At Monday night’s Harbor View Neighborhood Association (HVNA) East Boston’s three elected officials, Rep. Adrian Madaro, Sen. Joseph Boncore and City Councilor Lydia Edwards briefed residents on some of the legislation and work that they are doing on behalf of the neighborhood.
Rep. Madaro said the House just finished its version of the budget and it has been sent to the Senate side. Madaro said beyond fighting for the broad tickets items like increases in Chapter 70 funding for education and reforming the criminal justice system he has also been busy fighting for local funding.
“We have a very strong East Boston team at the State House and whatever amendments I’m able to carry in the House budget, Sen. Boncore takes the lead on the Senate side,” said Madaro.
Madaro said in the House budget he was able to secure several hundreds of thousands of dollars for the East Boston Neighborhood Health Center’s substance abuse program. The Health Center has recently integrated substance abuse with mental health and primary care to not only help prevent substance abuse in Eastie but also treat addicts more cohesively.
“Last year we were able to fund the hiring of a social worker at the District A-7 police station through a program called Youth Connect,” said Madaro. “This program is in neighborhoods that have some problems with gang violence and with the neighborhood’s history with MS-13 we thought this was a good program to help keep kids out of gangs. Frankly, the police are not equipped to handle everything and while they do a great job in the community they are not social workers. Now the police have a youth social worker that works hand in hand with police to try and tackle some of the underlying issues that some of our young people are dealing with.”
Madaro also secured funding for the state’s Shannon Grant program. This program allows non-profits like the Salesian Boys & Girls Club apply for money to help create proactive programs for at-risk youth in the neighborhood before they fall victims to gang life and gang violence.
“I was also able to get some funding for our only homeless shelter, Crossroads Family Shelter,” said Madaro. “The money will go to creating a workforce development program at the shelter to help these women rise out of poverty and homelessness by gaining workforce skills.”
Madaro said he also secured funding for State Police patrols of Constitution Beach.
Sen. Boncore, as chair of the Transportation Committee, was excited to announce the Red/Blue Line Connector was back on the table and is being seriously considered. The state plans to fund a study on the feasibility of connecting the only two MBTA train lines that have no connection. The connector has been something residents in East Boston having been asking and waiting for since the 1970s. The T has cited significant development in Eastie and Revere, including the potential move of Seattle-based Amazon’s second North American headquarters (HQ2) to Boston at Suffolk Downs, as reasons to reexamine the stalled connector project. The project would extend the Blue Line approximately 1,500 feet to make a connection with the Charles/MGH Station on the Red Line.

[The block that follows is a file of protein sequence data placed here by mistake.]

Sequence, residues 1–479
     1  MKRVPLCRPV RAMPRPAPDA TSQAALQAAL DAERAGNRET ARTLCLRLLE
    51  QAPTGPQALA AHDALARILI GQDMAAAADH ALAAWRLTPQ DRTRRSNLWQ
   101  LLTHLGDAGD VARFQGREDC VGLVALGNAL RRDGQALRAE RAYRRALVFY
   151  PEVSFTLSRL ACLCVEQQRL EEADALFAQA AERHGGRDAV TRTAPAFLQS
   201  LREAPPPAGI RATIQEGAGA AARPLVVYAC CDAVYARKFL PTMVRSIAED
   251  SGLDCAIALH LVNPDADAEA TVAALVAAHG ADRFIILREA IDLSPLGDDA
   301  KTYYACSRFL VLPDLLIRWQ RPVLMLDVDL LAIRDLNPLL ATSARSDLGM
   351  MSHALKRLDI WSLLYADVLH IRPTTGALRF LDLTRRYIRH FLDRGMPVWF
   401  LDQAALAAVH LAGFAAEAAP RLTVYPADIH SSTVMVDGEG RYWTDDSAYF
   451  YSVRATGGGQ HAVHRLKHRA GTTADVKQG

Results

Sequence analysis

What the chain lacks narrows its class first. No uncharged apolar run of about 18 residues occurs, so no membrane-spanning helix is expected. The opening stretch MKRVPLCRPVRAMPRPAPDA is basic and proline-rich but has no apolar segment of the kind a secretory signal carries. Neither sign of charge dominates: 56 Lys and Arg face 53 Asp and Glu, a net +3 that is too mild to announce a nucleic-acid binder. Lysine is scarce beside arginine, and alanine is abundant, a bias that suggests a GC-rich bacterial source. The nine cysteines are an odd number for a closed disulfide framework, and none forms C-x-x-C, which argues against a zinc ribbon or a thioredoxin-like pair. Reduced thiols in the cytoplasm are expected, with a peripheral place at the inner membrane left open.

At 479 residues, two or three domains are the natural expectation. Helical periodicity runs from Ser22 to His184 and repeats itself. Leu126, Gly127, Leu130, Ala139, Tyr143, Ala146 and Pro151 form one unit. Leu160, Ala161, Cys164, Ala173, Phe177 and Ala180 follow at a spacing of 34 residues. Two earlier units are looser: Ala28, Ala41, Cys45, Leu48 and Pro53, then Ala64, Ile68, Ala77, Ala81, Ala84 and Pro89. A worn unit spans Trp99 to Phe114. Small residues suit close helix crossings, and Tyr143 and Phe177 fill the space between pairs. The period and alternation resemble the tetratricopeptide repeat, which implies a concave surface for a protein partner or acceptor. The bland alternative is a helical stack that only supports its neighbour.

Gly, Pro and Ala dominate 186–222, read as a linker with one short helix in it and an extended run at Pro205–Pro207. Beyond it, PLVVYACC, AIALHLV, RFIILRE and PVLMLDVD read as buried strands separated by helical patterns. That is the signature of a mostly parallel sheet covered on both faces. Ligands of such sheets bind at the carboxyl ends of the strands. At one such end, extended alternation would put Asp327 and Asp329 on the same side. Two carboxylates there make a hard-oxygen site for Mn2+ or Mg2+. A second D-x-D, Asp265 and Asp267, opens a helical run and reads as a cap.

“It is good news and no matter how you feel about the Suffolk Downs or Amazon proposals there is going to be a need for greater capacity and a greater need to connect East Boston and Revere to Cambridge,” said Boncore.
Finally Councilor Edwards, who is working on finalizing the city’s budget with her colleagues, touched upon the funding heading over to Eastie to pay for several projects.
“I just want to echo what my colleagues have said about teamwork because it is a real pleasure to work with them,” said Edwards. “We meet, we discuss and try to figure what is best for East Boston and have a three pronged plan to get things done.”
Edwards touched upon the city’s budget process and how she and her colleagues are currently hearing from all the city departments on their wants and needs.
In Eastie, Edwards highlighted some of the major line items that are earmarked for the neighborhood over the next five years as part of the capital spending plan that includes a new police station at the City Yards and a renovation to the Paris Street Pool.
Over the next five years the city will spend $25.54 million to design and construct the long-awaited new police station at the City Yards. Bids for the project should be sent out this year and construction on the new police station should begin in October or November 2018.
This will be after a community process on design is completed. The city will return to the community this summer with a more detailed architectural plan. The building’s designed will work to create a more efficient and better station for police and replace the aging District A-7 station on Meridian Street near Maverick Square. The station will be roughly 26,000 sq. ft. with an entrance on the corner of Condor and Trenton Streets. There will be parking in the rear of the station for 50 vehicles and the building will be LEAD Silver Certified.
The city has also earmarked $5 million for the design and rehab construction of the Paris Street Pool across from the Paris Street Gym. The Gym recently underwent a $14 million overhaul and the pool’s rehab will compliment the new state-of-the-art gym, and community center.
When the pool was first built, it featured a glass roof, sliding doors that looked out onto the Paris Street playground as well as a veranda so residents could enjoy a swim and then sit outside during the hot summer months. The pool underwent an overhaul under then Mayor Kevin White due to constant vandalism of the glass roof and glass doors. The pool was encased in cement blocks and now looks more like a bomb shelter than a community pool.
The plan, according to the city is to restore the pool back to its original glory and strengthen the connection between the pool building and the adjacent park.